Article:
Now, according to sources close to the Gaels, Marshall, who was defensive coordinator for the Edmonton Eskimos in 2013, will be trying his hand at the university game as DC with the storied Kingston, Ont.., program. Queen's announced Tuesday only that Marshall will be a guest coach during preparation for the Ontario University Athletics football season.

    Read More »from Long-time CFL defensive coordinator Greg Marshall joining Queen’s Golden Gaels — sources
  • Freddy Gauthier sustains Rimouski roll, Petes pick up pace: CHL Hot & Cold

    Gauthier has helped Rimouski run its win streak to 11 (Ghyslain Bergeron, CP)

    In a year where parity is the watchword out east, Toronto Maple Leafs first-rounder Frédérik Gauthier and the Rimouski Océanic are bucking the odds with an 11-game win streak at crunch time.

    Big things were expected for the Océanic after it has a centre, Gauthier, defenceman Sam Morin and goalie Philippe Desrosiers contribute to Canada ending a four-year U.S. reign at the IIHF world under-18 championship (where the Great White North is typically without several stars whose junior teams are still in the playoffs). The potential is panning out, with Rimouski chipping into what once seemed like a secure cushion for Quebec League-leading Baie-Comeau. Gauthier's all-around game and recent scoring outburst has been a big cog.

    Let's look at who is ebbing and who is flowing entering the regular season's penultimate week.


    Hot: Peterborough Petes

    The Jody Hull-helmed Petes are on a similar arc to last season, when they had to play desperate to catch up to the playoff pack. Peterborough,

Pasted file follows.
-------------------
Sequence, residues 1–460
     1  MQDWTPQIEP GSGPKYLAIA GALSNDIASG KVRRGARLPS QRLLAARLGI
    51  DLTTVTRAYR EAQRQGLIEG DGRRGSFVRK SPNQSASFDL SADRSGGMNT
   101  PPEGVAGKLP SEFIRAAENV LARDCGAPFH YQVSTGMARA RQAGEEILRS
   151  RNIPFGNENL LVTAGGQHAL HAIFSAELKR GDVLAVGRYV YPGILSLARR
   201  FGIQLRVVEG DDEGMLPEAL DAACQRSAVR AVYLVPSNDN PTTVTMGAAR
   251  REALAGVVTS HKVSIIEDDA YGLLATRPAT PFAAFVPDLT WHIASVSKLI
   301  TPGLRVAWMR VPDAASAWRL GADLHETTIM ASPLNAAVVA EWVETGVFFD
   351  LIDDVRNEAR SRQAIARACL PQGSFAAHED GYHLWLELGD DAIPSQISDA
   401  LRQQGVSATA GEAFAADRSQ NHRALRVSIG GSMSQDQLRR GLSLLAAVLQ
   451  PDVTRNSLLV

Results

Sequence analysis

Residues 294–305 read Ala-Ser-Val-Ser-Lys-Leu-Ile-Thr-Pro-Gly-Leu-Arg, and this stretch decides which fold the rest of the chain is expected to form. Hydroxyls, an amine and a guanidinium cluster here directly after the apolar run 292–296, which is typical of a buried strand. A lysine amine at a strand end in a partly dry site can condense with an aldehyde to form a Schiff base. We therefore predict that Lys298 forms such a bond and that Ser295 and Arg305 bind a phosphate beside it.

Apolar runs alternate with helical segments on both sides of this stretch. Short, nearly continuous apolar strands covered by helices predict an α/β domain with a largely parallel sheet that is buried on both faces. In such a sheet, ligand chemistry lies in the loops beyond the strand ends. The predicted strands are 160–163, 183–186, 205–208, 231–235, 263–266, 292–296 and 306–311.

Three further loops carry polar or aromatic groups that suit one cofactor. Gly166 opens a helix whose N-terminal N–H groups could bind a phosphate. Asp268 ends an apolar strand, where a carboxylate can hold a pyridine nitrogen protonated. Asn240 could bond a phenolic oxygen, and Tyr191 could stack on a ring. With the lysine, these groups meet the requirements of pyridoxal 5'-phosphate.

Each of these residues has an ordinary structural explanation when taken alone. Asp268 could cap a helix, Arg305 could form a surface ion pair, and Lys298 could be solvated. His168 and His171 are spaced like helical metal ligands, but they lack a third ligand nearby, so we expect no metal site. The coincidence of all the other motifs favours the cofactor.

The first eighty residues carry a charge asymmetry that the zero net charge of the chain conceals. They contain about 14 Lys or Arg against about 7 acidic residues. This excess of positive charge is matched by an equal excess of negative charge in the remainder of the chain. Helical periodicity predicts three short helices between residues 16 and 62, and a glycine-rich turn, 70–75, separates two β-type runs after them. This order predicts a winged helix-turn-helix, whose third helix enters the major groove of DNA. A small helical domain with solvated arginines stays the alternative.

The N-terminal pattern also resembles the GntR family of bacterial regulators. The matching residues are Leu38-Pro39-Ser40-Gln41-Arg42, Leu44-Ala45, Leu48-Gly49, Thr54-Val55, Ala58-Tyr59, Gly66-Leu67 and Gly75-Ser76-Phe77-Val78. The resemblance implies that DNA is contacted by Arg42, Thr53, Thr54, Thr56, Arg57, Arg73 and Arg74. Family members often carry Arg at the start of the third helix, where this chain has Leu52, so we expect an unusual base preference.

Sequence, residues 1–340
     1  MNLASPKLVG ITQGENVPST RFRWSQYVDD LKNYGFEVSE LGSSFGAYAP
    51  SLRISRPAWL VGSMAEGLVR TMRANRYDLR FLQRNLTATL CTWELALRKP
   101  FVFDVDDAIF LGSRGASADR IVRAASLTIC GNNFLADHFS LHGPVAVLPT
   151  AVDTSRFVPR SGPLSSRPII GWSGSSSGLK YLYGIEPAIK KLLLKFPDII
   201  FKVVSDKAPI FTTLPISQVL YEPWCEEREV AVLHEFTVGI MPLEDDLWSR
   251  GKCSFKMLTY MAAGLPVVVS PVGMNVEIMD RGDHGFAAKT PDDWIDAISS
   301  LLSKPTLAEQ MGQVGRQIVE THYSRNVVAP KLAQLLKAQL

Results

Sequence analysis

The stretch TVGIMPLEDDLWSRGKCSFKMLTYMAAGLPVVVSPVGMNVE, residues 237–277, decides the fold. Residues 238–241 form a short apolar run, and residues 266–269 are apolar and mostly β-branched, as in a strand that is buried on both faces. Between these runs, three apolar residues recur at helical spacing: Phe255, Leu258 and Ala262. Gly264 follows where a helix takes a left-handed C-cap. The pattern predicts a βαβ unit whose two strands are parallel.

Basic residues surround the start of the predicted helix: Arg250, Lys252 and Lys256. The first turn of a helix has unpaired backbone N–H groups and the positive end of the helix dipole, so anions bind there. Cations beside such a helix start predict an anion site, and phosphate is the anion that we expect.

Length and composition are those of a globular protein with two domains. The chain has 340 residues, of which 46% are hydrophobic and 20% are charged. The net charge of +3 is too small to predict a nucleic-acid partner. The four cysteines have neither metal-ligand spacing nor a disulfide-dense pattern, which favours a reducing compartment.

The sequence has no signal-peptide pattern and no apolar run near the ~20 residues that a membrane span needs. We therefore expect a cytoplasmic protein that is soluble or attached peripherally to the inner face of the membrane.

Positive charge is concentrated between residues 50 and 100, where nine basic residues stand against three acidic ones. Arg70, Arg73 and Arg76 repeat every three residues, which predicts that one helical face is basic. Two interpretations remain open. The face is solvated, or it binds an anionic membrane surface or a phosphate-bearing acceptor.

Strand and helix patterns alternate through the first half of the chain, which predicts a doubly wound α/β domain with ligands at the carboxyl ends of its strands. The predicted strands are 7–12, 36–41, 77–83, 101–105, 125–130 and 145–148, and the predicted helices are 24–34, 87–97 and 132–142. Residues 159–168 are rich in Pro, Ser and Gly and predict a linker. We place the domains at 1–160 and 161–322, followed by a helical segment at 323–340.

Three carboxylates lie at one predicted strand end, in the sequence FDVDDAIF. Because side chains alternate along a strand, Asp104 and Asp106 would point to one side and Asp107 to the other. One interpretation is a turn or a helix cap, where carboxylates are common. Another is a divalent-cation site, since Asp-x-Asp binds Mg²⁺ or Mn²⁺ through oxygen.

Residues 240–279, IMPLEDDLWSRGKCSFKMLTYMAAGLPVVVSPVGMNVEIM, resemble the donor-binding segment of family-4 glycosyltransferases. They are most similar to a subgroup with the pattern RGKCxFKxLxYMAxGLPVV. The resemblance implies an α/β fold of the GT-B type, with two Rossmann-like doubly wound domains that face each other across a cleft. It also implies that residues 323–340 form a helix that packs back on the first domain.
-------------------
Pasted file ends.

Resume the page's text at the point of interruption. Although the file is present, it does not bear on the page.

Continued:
Read More »from Freddy Gauthier sustains Rimouski roll, Petes pick up pace: CHL Hot & Cold
  • Portland Winterhawks, Guelph Storm trade spots atop BTN Dynamic Dozen

    Guelph Storm veteran Zack Mitchell signed with the Minnesota Wild organization this week (OHL Images)

    The ides of March, in junior hockey, are otherwise known as 'hurry up and let the playoffs get here.'

    All five of the top teams in the Buzzing The Net Dynamic Dozen lost at least once over the past seven days, four to teams much farther down the standings. It happens when one club has a cushion and its opponents have far, far more imperative to chase points late in the season. So one shouldn't read a lot into the results.

    Portland and Guelph each had a stumble, but the Winterhawks nose into top spot in what BTN guru-in-residence Rob Pettapiece has dubbed the hipsters vs. hippie rivalry. This would make more sense if the University of Guelph had been the setting for a cable sketch comedy series with a cult following, which come to think of it, should have happened by now.

    Read More »from Portland Winterhawks, Guelph Storm trade spots atop BTN Dynamic Dozen